Baked Goods / Candy / Chocolate / EuroTrip

Open Amsterdam Style!

Amsterdam is the quintessential town of cheap, rowdy indulgence. The city’s Red Light District is famous for its endless alleys of tiny shop windows where scantily-clad girls wink, dance, and seduce men on the street from the other side of the glass. Bars are plentiful, but even more so are the sex shops and theaters that advertise “live shows” on a nightly basis. Amsterdam has both cafés and “coffeeshops,” and if you’re not sure of the difference, you may want to Google it before stepping into the wrong place for an innocent cup of joe. And don’t get me started on the never-ending supply of french fries and the disgustingly beautiful trend to eat them slathered in mayonnaise.

The hilarious part is … it’s all legal!

The charmingly wild Dutch city was the first place Ella and I would stop on our week-long tour throughout Central Europe. As soon as we stepped onto the bustling streets from the train station, a sensory overload immediately hit us in the face: the glistening canal water; the smelly, hazy smoke seeping from the coffeeshop doors (uh-oh, guess I gave that one away); the gaudy, flashing lights spelling out words that would make your grandmother faint; the raucous laughter, yelling, and singing from every door; and the food (mostly fried) from all cultures just waiting to be drunkenly devoured.

I won’t get into too much detail about my experiences in Amsterdam (Hi, Mom!), but I’ll tell you this: I certainly indulged “Amsterdam style” when it comes to food and sweets.

Before even stepping foot in the Netherlands, though, Ella and I had to make a brief transfer in Brussels. Immediately upon our arrival in the Belgian capital, my chocolate senses were tingling. We spotted several candy and chocolate shops in the train station, but that wasn’t exactly the high quality I was looking for to put “on the blog.” So I dragged Ella outside in a desperate 15-minute search for an authentic Belgian chocolate shop near the station—to no avail. It was back to the train station for my antsy sweet teeth, where we cheaply stocked up for the train ride to Amsterdam.

There’s something about the cheap, self-service candy shops in Europe that just get me. There’s no need to make big decisions because you can buy all the candy you want! Naturally I chose one or two pieces of each (except the cola bottles, because, come on, those are disgusting) and went on my merry way. Strawberry marshmallows, Haribo gummi bears, licorice sticks, fudge squares—I was one happy girl. The candy did make it onto the train … but not into Amsterdam.

When we got to our hostel (accurately named Heart of Amsterdam) in the middle of the RLD, Ella asked the receptionist where we could find good, authentic Dutch food to eat for dinner. He told us it doesn’t really exist. So—after a terrifying, freezing ride on the carnival swings that were sitting pretty in Dam Square and a quick walk through the canals—we ate at a lovely little Mexican restaurant, drank strawberry margaritas, and pretended we were culturally hip and ironic. (We aren’t.) After dinner we headed into a few coffeeshops and bars, and … well … the rest is history.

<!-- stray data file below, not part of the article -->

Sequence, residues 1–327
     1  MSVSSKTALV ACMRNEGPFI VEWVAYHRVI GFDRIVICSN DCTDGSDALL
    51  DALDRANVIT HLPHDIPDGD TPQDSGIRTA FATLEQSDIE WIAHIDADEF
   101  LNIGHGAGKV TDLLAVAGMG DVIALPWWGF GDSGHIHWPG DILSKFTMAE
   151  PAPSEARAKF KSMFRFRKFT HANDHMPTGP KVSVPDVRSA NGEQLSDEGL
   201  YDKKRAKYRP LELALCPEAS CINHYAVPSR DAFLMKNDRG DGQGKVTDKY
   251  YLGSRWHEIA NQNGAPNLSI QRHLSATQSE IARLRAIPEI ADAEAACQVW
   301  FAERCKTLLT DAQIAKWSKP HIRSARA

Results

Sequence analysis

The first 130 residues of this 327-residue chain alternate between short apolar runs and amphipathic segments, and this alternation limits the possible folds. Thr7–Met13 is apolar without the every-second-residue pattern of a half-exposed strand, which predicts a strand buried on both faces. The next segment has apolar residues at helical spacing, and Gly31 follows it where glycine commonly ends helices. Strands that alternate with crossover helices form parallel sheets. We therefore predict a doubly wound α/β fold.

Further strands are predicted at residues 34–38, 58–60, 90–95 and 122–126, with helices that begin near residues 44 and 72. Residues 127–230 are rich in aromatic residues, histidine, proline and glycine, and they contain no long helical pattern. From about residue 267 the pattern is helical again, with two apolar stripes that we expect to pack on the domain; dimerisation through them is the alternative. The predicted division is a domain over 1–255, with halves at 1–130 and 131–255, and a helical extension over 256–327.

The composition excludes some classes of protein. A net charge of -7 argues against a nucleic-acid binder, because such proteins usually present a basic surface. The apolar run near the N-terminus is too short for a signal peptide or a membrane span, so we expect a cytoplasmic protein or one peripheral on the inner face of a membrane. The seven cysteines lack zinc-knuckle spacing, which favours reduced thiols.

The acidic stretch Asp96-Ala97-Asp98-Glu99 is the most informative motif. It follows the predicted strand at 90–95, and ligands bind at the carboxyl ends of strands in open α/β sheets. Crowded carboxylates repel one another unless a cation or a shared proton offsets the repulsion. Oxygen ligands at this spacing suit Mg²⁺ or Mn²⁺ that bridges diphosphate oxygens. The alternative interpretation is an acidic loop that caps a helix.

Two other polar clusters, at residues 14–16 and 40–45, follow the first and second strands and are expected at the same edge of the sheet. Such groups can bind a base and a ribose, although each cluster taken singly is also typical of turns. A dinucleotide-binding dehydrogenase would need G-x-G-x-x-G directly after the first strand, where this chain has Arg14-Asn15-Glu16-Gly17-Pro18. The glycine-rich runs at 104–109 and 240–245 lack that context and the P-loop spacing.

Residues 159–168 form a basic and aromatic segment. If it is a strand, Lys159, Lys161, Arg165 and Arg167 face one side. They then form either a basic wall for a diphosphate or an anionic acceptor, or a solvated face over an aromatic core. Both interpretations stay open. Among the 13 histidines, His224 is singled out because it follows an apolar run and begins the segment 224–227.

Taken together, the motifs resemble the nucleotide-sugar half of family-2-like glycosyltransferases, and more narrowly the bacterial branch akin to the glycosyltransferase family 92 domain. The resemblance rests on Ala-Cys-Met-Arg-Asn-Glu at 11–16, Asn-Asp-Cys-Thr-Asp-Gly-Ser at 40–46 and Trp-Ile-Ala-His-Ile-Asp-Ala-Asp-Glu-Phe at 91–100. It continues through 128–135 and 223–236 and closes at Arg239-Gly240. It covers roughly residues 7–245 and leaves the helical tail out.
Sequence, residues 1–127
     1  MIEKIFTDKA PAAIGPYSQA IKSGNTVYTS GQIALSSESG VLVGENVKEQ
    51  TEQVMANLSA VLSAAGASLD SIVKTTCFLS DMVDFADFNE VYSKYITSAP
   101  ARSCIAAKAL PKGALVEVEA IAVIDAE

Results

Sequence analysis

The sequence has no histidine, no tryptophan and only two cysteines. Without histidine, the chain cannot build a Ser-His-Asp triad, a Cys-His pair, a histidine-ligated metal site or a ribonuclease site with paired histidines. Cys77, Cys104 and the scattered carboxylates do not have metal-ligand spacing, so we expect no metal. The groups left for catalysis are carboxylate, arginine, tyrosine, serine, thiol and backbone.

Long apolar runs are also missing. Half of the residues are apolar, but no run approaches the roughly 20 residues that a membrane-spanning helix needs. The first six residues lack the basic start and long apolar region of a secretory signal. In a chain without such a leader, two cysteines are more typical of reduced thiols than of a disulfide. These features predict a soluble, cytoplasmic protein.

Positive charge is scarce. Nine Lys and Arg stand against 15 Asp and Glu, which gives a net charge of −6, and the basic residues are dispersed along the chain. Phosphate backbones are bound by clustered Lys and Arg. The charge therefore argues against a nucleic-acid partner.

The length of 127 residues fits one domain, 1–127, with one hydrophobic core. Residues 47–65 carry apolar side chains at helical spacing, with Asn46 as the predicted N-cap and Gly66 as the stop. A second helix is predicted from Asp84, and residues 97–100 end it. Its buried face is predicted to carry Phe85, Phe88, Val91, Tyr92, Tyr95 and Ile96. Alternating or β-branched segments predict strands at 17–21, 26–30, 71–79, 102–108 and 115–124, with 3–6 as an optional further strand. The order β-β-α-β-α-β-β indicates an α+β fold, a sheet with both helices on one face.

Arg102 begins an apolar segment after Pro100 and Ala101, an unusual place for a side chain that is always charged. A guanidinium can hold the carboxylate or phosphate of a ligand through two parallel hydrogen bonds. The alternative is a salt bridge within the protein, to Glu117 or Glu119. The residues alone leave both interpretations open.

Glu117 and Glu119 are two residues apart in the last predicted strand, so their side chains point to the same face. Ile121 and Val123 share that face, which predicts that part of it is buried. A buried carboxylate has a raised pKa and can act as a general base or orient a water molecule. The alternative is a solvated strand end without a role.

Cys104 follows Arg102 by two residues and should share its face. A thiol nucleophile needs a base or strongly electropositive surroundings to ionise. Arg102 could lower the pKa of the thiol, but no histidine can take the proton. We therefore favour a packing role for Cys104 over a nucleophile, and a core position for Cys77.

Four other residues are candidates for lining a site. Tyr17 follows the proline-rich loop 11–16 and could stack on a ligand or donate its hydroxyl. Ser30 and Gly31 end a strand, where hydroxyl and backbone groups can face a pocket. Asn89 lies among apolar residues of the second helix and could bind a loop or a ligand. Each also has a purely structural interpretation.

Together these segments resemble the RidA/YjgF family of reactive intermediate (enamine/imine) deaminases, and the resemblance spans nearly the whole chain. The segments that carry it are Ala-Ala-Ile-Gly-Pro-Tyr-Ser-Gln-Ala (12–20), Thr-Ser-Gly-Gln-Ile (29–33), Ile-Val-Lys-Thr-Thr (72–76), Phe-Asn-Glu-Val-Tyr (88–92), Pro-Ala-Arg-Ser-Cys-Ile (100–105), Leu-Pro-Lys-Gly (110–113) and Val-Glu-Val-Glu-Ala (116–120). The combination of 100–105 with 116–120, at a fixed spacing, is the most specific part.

In brief … let’s just say … the Dutch know how to make a good brownie.

… Ugh, sorry. My lousy attempts of subtlety are embarrassing, but necessary. Once again: Hi, Mom!

For some reason, I tend to always forget the latter part of the night when Ella and I mindlessly strolled down to the carnival again … where we politely shared scarfed down a handful of brown sugar and cinnamon churro sticks with no guilt or shame whatsoever. It happened. Can’t take it back. No regrets. (There’s really no amount of justification, but hey, at least we didn’t eat churros and cotton candy and french fries. Right?)

Just kidding. We ate french fries for lunch the next day! Apparently they were voted #1 best fries in Holland, so … Go Team Obesity!

After “lunch,” Ella and I ambled throughout Amsterdam, checking out a bunch of shops along the way. We found a somewhat-shi shi shopping district where, wait for it, another self-service candy store was waiting for me.

Yes, we went in. And yes, I bought more candy.

As I stared at the rows upon rows of candy, my face was in a permanent state of shock, awe, and true happiness. Two small baggies full of chocolate, gummies, and licorice … and I was ready to pass out in a candy-coma. Ella and I ate some of our separate stashes (hers was impressively smaller, as it always is) in Leidesplein, another square in Amsterdam with a lot less red lights and a lot more cute cafés than in the RLD. Definitely a more “Mom-approved” place to stay. So let your sweet ma’am know.

After our brief candy splurge (Note: The candy made it onto the bus to Berlin. Not necessarily into Berlin, but you probably could have guessed that), we walked around a bit more and bought a few gifts and things. One of my favorite purchases? A chocolate bar with a “special” secret ingredient—upon buying it, the shop owner told me it was “definitely legal to ship!” and gave me a wink.

That, my friends, is a success … Amsterdam style.

Photography by Ella Pennington.


2 thoughts on “Open Amsterdam Style!

  1. Rachel, this was a fun read and the pictures are hilarious. You are most definitely your mother’s daughter- lucky girl!

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